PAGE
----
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An Ounce of Prevention (Part 1 – Situational Awareness)

Updated: Mar 13, 2023

You may have heard the old saying, “An ounce of prevention is worth a pound of cure.” In other words, it’s much easier to prevent a problem than it is to resolve it after it has happened. This is especially true of our personal safety, but how do we do it?


To begin, it is critical to understand that violence does not happen at random! Many people who commit crimes are simply looking for opportunities. How do you avoid being a victim of crime? Are you an easy target? Do you know what they are looking for? Do you know how to make yourself appear less vulnerable to criminals, or others who may be trying to cause problems for you or others around you?



Whether you are working in security, retail, an office, or are out with friends, targets are chosen based on two key concepts:

  • a lack of awareness of the environment around them, and

  • a lack of confidence as they move through it.

The first important component of personal safety is having a ‘situational awareness’ of yourself and your surroundings at all times. Consistently paying attention to what is going on around you sounds easy, but actually requires constant vigilance. Here are five (5) things you can practice to be more situationally aware everywhere you go:


1. DO learn about what behaviour is normal in your environment:

Establishing a standard, or a baseline helps you to notice inconsistencies that tell you something unusual is going on. Ask yourself:

  • What type of normal activity should I expect here? and,

  • How do most people behave here most of the time?

For example, noise will be at a certain level, depending on where you are, what day it is and even what time it is. If you were walking through a food court on a Saturday afternoon, how loud would you expect your environment to be? What if you were patrolling a site after hours? If it’s too quiet, or too noisy, there may be an issue that will affect your safety.


2. DO stay focused:

Your eyes and ears are important tools for sensing danger, so take off the technology, put it away and notice your surroundings. This is not just looking, but actually seeing your environment. It’s not just hearing, but really listening to what is going on around you. Talking on a cell phone, texting, or using earbuds will:

  • distract you from being in the moment,

  • reduce your sensory awareness,

  • prevent you from hearing someone approach, and

  • put you at risk!

If you walk assertively, scan the area and are aware of your surroundings, a potential predator knows you will see them coming. Often, if they perceive you to be a ‘hard target’ they will leave you alone.



3. DO use peripheral vision to help identify risks in your environment:

Looking away from the center of your gaze – out the corner of your eyes – allows you to monitor a wider degree of space. Seeing objects and movement outside that area helps identify behaviour that doesn’t belong in the environment or is escalating.


This method won’t attract unnecessary attention, but people who are watching you will notice. If you come across as very aware of your surroundings then you are much less prone to being taken by surprise, and less vulnerable to any type of attack or threat of violence.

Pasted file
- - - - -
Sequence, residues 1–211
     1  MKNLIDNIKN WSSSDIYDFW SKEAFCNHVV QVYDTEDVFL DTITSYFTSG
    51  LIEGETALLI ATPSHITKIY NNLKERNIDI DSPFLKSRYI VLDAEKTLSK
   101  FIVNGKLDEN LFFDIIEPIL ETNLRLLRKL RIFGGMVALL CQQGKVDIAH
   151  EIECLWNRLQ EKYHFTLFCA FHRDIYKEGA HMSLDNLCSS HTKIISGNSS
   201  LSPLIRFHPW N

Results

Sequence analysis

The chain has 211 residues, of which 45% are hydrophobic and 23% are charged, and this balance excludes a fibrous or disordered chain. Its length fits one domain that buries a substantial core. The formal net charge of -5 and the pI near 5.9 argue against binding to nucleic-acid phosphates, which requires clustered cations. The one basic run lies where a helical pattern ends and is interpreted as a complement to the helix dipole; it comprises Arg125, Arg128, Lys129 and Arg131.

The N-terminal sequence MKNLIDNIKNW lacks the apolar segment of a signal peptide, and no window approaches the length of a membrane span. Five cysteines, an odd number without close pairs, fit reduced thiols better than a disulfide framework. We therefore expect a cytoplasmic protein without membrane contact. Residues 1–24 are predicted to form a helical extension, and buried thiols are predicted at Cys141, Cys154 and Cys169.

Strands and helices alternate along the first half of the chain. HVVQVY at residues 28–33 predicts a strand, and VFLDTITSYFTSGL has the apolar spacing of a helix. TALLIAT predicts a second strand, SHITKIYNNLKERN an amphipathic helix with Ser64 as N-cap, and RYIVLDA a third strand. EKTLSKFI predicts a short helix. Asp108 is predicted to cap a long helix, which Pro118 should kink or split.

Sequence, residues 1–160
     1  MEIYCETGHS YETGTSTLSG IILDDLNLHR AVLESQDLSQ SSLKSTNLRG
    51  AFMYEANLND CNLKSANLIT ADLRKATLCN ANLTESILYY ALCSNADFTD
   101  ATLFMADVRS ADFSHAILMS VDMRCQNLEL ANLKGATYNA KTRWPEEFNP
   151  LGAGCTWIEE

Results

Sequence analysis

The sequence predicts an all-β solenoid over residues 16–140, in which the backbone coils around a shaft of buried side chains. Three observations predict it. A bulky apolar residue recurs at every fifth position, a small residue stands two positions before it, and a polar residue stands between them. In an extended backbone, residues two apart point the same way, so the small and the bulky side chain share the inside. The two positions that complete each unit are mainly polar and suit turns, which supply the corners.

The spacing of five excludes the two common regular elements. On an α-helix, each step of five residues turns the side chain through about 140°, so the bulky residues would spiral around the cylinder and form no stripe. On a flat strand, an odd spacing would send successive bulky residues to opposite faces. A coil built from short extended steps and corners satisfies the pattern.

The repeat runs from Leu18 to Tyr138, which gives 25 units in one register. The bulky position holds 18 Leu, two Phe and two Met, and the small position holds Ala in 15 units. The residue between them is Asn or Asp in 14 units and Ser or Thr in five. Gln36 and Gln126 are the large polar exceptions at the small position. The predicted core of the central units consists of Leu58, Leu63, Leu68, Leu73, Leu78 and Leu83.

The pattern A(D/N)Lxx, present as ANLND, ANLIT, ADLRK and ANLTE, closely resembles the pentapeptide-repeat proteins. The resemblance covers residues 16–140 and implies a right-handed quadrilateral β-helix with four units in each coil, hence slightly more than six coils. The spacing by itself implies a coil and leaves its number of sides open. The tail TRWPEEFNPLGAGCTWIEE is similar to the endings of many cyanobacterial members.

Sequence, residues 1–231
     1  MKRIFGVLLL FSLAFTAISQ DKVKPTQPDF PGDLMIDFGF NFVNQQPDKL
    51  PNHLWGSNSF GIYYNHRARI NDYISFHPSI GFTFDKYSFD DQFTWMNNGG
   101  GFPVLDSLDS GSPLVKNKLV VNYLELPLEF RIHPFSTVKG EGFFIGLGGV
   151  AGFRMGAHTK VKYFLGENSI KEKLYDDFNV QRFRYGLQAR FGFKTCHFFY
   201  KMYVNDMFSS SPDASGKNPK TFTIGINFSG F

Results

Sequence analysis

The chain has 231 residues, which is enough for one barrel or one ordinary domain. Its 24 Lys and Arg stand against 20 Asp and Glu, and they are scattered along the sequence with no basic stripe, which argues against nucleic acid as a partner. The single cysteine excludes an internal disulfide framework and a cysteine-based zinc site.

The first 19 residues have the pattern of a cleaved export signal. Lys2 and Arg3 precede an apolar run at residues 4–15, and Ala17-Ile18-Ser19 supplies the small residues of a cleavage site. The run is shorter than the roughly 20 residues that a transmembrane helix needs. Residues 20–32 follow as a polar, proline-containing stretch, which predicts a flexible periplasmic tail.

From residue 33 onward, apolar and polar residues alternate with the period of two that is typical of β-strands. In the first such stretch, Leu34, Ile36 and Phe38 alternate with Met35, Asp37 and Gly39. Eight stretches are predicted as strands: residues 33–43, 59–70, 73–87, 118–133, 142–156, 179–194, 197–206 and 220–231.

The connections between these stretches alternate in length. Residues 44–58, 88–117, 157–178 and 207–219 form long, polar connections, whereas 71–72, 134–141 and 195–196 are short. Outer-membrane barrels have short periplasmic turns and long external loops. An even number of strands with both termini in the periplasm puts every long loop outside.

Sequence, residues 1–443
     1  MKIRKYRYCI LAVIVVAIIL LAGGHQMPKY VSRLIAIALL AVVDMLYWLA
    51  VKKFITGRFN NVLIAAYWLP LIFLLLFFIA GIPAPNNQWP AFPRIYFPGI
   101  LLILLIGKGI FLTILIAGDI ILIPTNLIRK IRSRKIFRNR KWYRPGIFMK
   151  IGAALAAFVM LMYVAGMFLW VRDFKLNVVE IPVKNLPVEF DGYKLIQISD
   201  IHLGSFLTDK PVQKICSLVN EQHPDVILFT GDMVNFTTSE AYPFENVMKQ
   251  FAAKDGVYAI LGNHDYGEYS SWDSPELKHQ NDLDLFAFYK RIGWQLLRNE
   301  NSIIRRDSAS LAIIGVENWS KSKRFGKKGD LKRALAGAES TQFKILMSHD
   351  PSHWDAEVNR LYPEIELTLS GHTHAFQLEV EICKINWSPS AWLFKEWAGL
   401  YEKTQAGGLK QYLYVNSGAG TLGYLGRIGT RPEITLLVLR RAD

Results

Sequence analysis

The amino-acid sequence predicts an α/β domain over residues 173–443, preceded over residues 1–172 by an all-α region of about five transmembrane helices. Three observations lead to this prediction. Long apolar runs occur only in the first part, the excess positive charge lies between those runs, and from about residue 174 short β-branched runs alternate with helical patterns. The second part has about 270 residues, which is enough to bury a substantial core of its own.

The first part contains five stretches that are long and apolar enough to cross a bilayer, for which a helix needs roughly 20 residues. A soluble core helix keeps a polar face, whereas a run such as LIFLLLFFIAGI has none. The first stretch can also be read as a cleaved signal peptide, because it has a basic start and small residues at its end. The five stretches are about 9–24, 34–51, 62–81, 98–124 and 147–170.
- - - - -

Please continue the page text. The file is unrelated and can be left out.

• Remember, criminals choose people who are unaware of their environment!



4. DO keep a relaxed, ‘open’ focus to help proactively identify issues:

Looking for trouble can be stressful, which is the opposite of how you want to be! Staying relaxed ensures that you maintain an open focus, which allows you to take in more information about what’s going on around you. Research shows that when we get nervous or stressed, our attention narrows, causing us to concentrate on just a few things at a time… which, in turn, can cause us to miss other important details in our environment.

  • Looking for specific behaviours causes a constant state of anxiety that can prevent you from seeing real issues, or danger, until it’s too late!


5. DO be unpredictable, at work and at play!

Most people get into a routine, but when you have specific habits, you get used to seeing things in the same way. That can make you complacent, and it’s easy to ignore that ‘little voice’ and tell yourself that nothing has happened when I’ve done this before, so nothing will happen today, either!


Psychologically, we have a bias towards the way things have always been. We want there not to be an issue, so we often don’t accept, or ignore the signals we’re receiving.

Mixing up your routine keeps you on your toes and prevents people from predicting where you’ll be next!



In summary, situational awareness is about knowing your environment, staying focused, identifying risks, neutrally gathering information, and staying alert to changes! In other words, you have to pay close attention to your surroundings while appearing to not be overly concerned about paying attention. Awareness is a choice and it’s a skill that can be developed. Choose to pay attention and start practicing these tips today!


In ‘An Ounce of Prevention (part 2),’ we’ll talk about the second key component to improving our personal safety: demonstrating confidence!


For more in-depth principles on the concept of situational awareness to stay safe on the job and in life (and learn what SWAT learned on this subject), take our Situational Awareness Specialist training!


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